Info & Advice

Can I keep my pension if I give my wife/husband the house?

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Pensions form part of the total assets that a court will consider following a divorce, and they can either be shared or offset against other assets. Therefore, it is possible to offset your pension against the value of the former matrimonial home, but this will depend on all the factors that a court must consider, especially the respective values of the pension and the house, how close both parties are to retirement and your respective incomes.

What can the court do with my pension?

It is important to remember that pensions are not viewed as a special asset that should be ringfenced, so their values are treated as a resource alongside any other asset or income stream, even if they are personal rights and more complex than other assets.

The court may deal with your pension in one of the following ways:

  1. They could follow your suggestion and your pension can be offset against the value of other assets, such as the house;
  2. The court can make a “pension attachment order”. This allows for a portion of your pension fund to be paid to your ex-partner once it becomes available (after the age of 55 under ‘pension freedoms’). This is really just a form of spousal maintenance paid directly from your pension fund. The disadvantage of this to you is that it does not allow for a clean break, and your ex-partner may not be amenable to it as they are unable to retain full control of their pension fund – furthermore, if they cease to be entitled to the pension, so do you;
  3. The court may make a “pension sharing order”. This actually splits the pension fund between the two of you, allowing you each to have control over when your portion is paid out, and whether you reinvest your share in a different fund. The fund can be transferred so as to be divided into any percentage share depending on your ex-partner’s own income capacity and any pension that they might have of their own.

How does the court decide what to do with my pension?

The court’s decision is governed by s.25 of the Matrimonial Causes Act and the resultant “sharing principle” which has the starting point of equality. Under s.25, the court must have regard to the following factors in particular:

  1. The income, earning capacity, property and other financial resources which each of the parties to the marriage has or is likely to have in the foreseeable future;
  2. The financial needs, obligations and responsibilities which each of the parties to the marriage has or is likely to have in the foreseeable future;
  3. The standard of living enjoyed by the family before the breakdown of the marriage;
  4. The age of each party to the marriage and the duration of the marriage.

Points (a), (b) and (d) are particularly relevant when deciding whether a pension can be offset, or whether a pension sharing order is necessary. The court will look at what income and assets there are available to you and work out how they can meet your respective needs whilst adopting the “sharing principle” of starting with assumptions of equality.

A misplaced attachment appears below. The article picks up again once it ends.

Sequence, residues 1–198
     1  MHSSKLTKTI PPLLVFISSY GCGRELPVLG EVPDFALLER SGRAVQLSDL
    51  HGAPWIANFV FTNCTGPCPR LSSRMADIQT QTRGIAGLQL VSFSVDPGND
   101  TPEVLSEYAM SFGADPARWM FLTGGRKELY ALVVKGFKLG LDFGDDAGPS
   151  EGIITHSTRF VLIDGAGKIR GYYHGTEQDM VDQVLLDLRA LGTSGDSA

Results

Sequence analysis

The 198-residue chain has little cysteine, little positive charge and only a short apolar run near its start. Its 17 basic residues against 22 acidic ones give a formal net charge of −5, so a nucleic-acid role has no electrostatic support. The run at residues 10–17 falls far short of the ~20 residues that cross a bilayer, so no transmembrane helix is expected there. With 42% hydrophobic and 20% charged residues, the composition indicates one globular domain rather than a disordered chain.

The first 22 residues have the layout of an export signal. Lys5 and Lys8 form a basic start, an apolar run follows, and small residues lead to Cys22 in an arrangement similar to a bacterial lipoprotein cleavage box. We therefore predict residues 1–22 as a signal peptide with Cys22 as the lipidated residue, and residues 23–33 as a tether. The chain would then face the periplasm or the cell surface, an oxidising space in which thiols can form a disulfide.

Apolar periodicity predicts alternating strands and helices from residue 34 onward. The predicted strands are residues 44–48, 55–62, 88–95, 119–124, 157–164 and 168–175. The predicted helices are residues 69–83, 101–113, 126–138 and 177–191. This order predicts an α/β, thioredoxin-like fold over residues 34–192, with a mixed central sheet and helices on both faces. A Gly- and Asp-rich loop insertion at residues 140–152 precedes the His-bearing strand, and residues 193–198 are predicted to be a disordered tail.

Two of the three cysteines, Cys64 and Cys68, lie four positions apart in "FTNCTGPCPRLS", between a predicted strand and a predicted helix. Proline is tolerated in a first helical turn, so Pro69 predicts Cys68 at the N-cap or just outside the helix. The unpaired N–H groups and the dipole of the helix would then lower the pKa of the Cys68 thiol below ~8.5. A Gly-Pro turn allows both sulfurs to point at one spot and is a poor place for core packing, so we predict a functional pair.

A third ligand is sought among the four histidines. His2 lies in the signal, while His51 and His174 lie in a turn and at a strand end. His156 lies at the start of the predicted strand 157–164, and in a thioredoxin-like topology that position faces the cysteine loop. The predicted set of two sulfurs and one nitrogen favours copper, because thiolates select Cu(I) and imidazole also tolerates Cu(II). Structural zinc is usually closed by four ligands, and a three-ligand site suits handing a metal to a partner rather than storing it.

What is the ‘sharing principle’?

The sharing ‘principle’ is different to a ‘sharing case’ in that the principle is to assume that equality should guide the allocation of resources whereas a sharing case is one where the available resources are so substantial that all reasonable needs can be met and so needs cease to require that additional provision and other principles may come into play.   Here we discuss the sharing principle, not the factors of ‘sharing cases’ which were highlighted in the Pension Advisory Group ‘Guide’ which judges have been regarding for the last few years.

Relevance of the sharing principle to offsetting your pension

In a long marriage (roughly 10 or more years including cohabitation) the starting point in any financial settlement is equality, so it helps to proceed on the assumption that the assets will be divided roughly 50/50. This means that you should consider whether the value of your pension is roughly equivalent to the house, as it will be difficult to offset it if its value is much higher unless there are other assets that can also be used to reach a balance. Similarly, you should consider whether your proposal to offset the pension against the value of the house will mean that you end up settling for much less than you are entitled to.

Applying the sharing principle also comes into play when considering each party’s income needs. Offsetting your pension against the house will not meet your ex-partner’s income needs if they have no income or pension provision as they will be left with a house that they cannot afford to run. The court has to ensure that both of you will have access to an income that will meet your needs. The closer both parties are to retirement, the more relevant your respective pension provisions become, because you will each have only limited time to build a pension fund. If you are approaching retirement and your ex-partner has very little or no pension provision, then it is more likely that the court will address this issue through a pension sharing order to ensure that they have an income.